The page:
NORTH CALDWELL, NJ - Child development specialist Robyn Silverman, Ph.D., delivered a seminar on “Raising Strong, Positive Leaders” at the West Essex High School auditorium Tuesday night.
Silverman started by relating an anecdote from her first graduate seminar at Tufts University.
“The instructor kept saying ‘We are failing our young people. We need to empower them,” Silverman said. “A young man stood up and said ‘You need to provide us with the tools to empower ourselves.’”
“Kids want so badly to be independent.”
An integral part of Silverman’s presentation was the idea that children need to develop a sense of self before they can become leaders. Silverman noted that many children and teens are preoccupied with their flaws or the sense that they lack something in relation to their peers, whether it be popularity, looks or athletic ability.
“A lot of children think in terms of ‘I’m not pretty enough’ or ‘I’m not muscular enough,’” Silverman said. “But when you can define yourself, everyone else’s definition of you doesn’t matter.”
The presentation was interactive, with Silverman asking parents in the audience what single word or characteristic they wanted their children to embody. One parent answered “empathy,” another “strength” and another “confidence.”
The first step to self-identifying, according to Silverman, is to identify a child’s strengths and dispensing with emotional baggage, what Silverman referred to as “dirty laundry.” She also noted that all strengths are not celebrated equally or recognized as quickly.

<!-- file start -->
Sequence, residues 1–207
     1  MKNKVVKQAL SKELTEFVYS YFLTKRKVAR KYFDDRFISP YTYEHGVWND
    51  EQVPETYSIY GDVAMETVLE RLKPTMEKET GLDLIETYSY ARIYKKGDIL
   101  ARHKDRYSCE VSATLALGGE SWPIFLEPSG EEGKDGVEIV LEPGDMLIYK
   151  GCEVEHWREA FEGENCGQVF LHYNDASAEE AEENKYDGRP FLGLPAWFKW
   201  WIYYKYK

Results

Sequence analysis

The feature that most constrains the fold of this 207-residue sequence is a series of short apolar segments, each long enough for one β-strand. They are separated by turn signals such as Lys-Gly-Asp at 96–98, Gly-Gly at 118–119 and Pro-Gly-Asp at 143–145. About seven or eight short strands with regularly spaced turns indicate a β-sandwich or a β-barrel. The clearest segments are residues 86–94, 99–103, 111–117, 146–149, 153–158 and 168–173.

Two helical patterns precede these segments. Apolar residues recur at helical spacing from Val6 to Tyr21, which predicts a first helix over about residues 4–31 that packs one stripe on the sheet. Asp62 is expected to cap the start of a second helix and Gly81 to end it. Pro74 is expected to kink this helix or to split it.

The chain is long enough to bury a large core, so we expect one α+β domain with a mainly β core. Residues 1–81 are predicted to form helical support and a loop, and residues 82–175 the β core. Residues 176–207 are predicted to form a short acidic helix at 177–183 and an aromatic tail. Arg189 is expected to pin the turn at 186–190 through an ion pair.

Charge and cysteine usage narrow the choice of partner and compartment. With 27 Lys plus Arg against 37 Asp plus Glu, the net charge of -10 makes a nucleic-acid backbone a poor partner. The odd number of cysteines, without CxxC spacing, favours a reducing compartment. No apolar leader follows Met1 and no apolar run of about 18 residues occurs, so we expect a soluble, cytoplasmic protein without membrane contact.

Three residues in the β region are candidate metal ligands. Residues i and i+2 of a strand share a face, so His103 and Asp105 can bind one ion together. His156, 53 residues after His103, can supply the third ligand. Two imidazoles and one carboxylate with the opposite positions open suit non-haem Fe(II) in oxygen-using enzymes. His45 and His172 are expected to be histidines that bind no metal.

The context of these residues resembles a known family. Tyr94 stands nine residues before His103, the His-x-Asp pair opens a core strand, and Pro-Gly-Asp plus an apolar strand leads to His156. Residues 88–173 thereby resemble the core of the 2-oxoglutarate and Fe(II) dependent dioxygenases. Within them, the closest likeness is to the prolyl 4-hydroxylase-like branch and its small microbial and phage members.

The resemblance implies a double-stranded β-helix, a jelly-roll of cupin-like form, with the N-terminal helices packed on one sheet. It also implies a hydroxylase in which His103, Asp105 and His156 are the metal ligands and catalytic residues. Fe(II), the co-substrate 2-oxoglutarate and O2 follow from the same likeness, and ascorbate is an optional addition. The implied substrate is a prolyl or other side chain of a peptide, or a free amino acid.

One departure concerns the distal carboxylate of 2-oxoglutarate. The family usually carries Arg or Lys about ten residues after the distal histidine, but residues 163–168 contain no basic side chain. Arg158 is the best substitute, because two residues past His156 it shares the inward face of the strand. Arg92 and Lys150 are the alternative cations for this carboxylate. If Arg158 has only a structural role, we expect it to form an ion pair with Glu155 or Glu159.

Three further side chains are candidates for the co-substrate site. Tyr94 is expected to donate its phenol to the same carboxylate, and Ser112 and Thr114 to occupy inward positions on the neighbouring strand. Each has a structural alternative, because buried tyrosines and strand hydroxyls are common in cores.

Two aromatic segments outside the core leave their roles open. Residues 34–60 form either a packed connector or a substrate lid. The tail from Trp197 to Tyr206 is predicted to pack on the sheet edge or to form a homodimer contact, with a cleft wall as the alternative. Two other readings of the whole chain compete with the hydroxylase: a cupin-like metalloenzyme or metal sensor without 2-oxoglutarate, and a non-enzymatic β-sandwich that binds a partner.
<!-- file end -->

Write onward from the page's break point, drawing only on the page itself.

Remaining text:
“We put a lot of emphasis on academics and athletics, understandably so,” Silverman said. “The creative child who takes great pictures not get as much recognition as the A-student or captain of the team.”
Setting realistic, measurable and attainable goals is the next important step in self-identification. Silverman brought her niece to the front of the crowd to illustrate an exercise in which a child visualizes exactly how they will feel when they reach their goal. For Silverman’s niece it was running a six-minute mile. Silverman’s niece visualized the grass, the outdoor air, seeing her gym teacher and other runners in front of her.
Pushing past barriers such as procrastination and pessimism is also important.
“Girls, especially, tend to be perfectionists and beat themselves up,” Silverman said.
Venting and clearing those emotions is critical. Silverman said she likes to give her children two or three minutes of “whine time” in which they can disengage from the burdens of their life. Moving past the burdens into accountability is important.
The final part of the presentation detailed how who the people a child associates with can mold their life. Silverman cited mentors and a nurturing inner circle of friends as two critical factors.